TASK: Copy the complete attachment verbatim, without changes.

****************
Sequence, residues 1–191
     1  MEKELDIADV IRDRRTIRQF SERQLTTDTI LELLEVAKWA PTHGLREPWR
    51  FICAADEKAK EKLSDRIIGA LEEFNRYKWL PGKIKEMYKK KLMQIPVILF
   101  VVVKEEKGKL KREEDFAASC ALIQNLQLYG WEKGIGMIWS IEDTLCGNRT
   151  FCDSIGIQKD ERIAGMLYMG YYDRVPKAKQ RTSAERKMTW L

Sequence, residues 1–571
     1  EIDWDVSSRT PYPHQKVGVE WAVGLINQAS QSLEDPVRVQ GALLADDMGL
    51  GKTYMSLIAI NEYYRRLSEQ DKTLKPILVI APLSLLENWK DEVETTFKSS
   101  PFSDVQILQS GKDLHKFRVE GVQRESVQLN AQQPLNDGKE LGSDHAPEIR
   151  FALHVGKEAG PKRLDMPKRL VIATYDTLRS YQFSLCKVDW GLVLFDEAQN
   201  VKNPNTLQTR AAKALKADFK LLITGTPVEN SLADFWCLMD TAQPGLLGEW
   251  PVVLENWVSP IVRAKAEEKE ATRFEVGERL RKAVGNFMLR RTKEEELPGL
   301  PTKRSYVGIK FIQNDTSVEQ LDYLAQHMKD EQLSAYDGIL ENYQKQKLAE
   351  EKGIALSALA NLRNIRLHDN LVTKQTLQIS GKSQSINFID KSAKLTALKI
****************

Sequence, residues 1–191
     1  MEKELDIADV IRDRRTIRQF SERQLTTDTI LELLEVAKWA PTHGLREPWR
    51  FICAADEKAK EKLSDRIIGA LEEFNRYKWL PGKIKEMYKK KLMQIPVILF
   101  VVVKEEKGKL KREEDFAASC ALIQNLQLYG WEKGIGMIWS IEDTLCGNRT
   151  FCDSIGIQKD ERIAGMLYMG YYDRVPKAKQ RTSAERKMTW L

Sequence, residues 1–571
     1  EIDWDVSSRT PYPHQKVGVE WAVGLINQAS QSLEDPVRVQ GALLADDMGL
    51  GKTYMSLIAI NEYYRRLSEQ DKTLKPILVI APLSLLENWK DEVETTFKSS
   101  PFSDVQILQS GKDLHKFRVE GVQRESVQLN AQQPLNDGKE LGSDHAPEIR
   151  FALHVGKEAG PKRLDMPKRL VIATYDTLRS YQFSLCKVDW GLVLFDEAQN
   201  VKNPNTLQTR AAKALKADFK LLITGTPVEN SLADFWCLMD TAQPGLLGEW
   251  PVVLENWVSP IVRAKAEEKE ATRFEVGERL RKAVGNFMLR RTKEEELPGL
   301  PTKRSYVGIK FIQNDTSVEQ LDYLAQHMKD EQLSAYDGIL ENYQKQKLAE
   351  EKGIALSALA NLRNIRLHDN LVTKQTLQIS GKSQSINFID KSAKLTALKI